#107913 - 12/14/08 03:47 PM Re: poncho/tarp? [Re: Spock]
OregonMouse Offline

Registered: 02/03/06
Posts: 6562
Loc: Gateway to Columbia Gorge
The idea of such a multiple-use item is really attractive and is in line with one of the important principles of going light. I therefore considered seriously the idea of a poncho-tarp and decided no way. First of all, I would have nothing to keep me or my pack dry when I'm setting up the shelter. Second, there would be nothing to keep me dry when I'm out of the shelter to cook and eat (in bear country), feed my dog, fetch more water, "necessary errands," etc. Third, a poncho hanging down my front blocks the view of my feet--and there are times I really want to see where they are going. Fourth, I often hike in the high Cascades or Rockies where rain often is horizontal rather than vertical. Murphy's law would dictate that it would almost always be coming from the side. Fifth, there wouldn't be room under even the Gatewood Cape (larger than the others) for both me and my dog, and an extra tarp or poncho for the dog would defeat the purpose.

So I'm a little less ultralight and, IMHO, a lot more comfortable!

Your Mileage, of course, May Vary.
May your trails be crooked, winding, lonesome, dangerous, leading to the most amazing view--E. Abbey

#107914 - 12/14/08 11:39 PM Re: poncho/tarp? [Re: dtp1991]
BrianLe Offline

Registered: 02/26/07
Posts: 1149
Loc: Washington State, King County
I'm quite fond of the poncho/tarp combo, depending on conditions, but even if bad (wet) weather is anticipated I'm very likely to bring my poncho, and it's the Golite poncho that I use. I like the fact that it's an extended length poncho sized well for covering a pack, but the lower back snaps up to shorten it to use without the pack in camp.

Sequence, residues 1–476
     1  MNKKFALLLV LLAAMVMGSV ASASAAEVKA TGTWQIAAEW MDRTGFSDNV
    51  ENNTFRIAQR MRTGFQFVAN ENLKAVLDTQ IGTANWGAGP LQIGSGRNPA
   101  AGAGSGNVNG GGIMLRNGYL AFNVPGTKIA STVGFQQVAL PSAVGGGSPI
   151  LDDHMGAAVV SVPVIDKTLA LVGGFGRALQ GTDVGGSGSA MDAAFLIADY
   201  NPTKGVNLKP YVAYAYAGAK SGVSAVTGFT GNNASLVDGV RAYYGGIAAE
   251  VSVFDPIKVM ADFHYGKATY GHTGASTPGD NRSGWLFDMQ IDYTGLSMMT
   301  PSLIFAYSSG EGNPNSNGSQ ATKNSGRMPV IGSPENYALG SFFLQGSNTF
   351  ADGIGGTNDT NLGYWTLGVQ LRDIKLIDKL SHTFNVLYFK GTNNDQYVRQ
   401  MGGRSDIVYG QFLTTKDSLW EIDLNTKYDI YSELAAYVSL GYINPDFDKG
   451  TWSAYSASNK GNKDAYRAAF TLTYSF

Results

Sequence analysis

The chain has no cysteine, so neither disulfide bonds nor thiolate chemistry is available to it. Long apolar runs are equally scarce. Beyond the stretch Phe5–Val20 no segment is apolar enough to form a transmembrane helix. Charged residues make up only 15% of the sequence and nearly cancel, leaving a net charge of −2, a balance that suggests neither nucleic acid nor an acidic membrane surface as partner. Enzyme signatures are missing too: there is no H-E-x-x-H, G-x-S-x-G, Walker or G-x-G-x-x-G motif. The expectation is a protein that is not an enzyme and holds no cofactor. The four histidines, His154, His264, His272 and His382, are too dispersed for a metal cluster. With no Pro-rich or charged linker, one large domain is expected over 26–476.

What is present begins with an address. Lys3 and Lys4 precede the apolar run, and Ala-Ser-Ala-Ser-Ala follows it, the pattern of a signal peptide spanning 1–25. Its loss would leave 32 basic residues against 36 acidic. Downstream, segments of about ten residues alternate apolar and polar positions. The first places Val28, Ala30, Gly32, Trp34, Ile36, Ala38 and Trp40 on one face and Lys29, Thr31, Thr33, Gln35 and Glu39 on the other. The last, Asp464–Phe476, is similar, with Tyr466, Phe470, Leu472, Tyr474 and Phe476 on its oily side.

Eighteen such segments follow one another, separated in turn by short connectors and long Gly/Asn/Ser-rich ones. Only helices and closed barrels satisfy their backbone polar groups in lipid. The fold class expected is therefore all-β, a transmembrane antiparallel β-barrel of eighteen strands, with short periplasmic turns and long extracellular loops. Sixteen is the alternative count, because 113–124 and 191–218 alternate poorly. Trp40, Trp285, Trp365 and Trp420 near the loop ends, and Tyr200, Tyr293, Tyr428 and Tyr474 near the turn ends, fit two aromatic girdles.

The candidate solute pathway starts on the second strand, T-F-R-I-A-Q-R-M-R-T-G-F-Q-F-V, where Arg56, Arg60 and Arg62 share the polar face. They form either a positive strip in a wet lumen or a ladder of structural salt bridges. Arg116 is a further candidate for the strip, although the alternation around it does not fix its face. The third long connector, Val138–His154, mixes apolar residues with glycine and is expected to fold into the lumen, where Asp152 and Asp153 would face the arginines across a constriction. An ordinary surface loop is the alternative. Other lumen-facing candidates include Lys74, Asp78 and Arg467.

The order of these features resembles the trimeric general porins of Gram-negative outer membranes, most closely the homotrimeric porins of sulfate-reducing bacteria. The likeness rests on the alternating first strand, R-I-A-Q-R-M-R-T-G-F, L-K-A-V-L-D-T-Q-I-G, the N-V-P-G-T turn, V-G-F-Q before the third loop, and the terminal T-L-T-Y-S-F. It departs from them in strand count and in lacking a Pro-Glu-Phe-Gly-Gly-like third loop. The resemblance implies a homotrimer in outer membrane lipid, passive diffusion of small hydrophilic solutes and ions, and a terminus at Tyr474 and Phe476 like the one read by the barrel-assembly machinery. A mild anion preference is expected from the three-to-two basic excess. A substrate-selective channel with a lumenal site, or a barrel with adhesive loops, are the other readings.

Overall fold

I thru-hiked the PCT this year, and actually carried a smaller poncho tarp as my only shelter and raingear for the first 700 miles, as rain is typically not a problem in SoCal, and I wasn't disappointed. I actually set it up as a shelter once in that stretch and got a few drops on it. I also carried a very light (not waterproof) bivy, which I also used just a scant number of times, a couple when I was concerned about dew fall near creeks, and once when to keep bugs off my face.

In the Sierras I switched to a light rain jacket and tarptent, and those worked well enough, but a poncho would have been fine there too I think, at least for rain shelter, and at least this year, for both, except for bug protection perhaps.

At some point (I forget when) I switched my light rain jacket for a (golite) poncho, though I kept the tarptent. I just like a poncho better. When the weather isn't too cold there's nothing better IMO than wearing a poncho and shorts. I don't have much trouble with wind, as I use some shock cord or just regular cord to tie around my waist outside the poncho. For me and I think for many, it's the ideal balance between rain & wind protection and yet being able to breathe well. Too often in a full-on rain jacket I get as wet from sweat inside as from rain outside.

The golite poncho is not a roomy shelter. I wouldn't enjoy camping under it for an extended rainy period, but it certainly could be done. And per above, you get no bug protection. Some people are happy to defeat bugs with just a headnet, others might use a "bug bivy", I think both six moon designs and mountain laurel designs sell a version of this.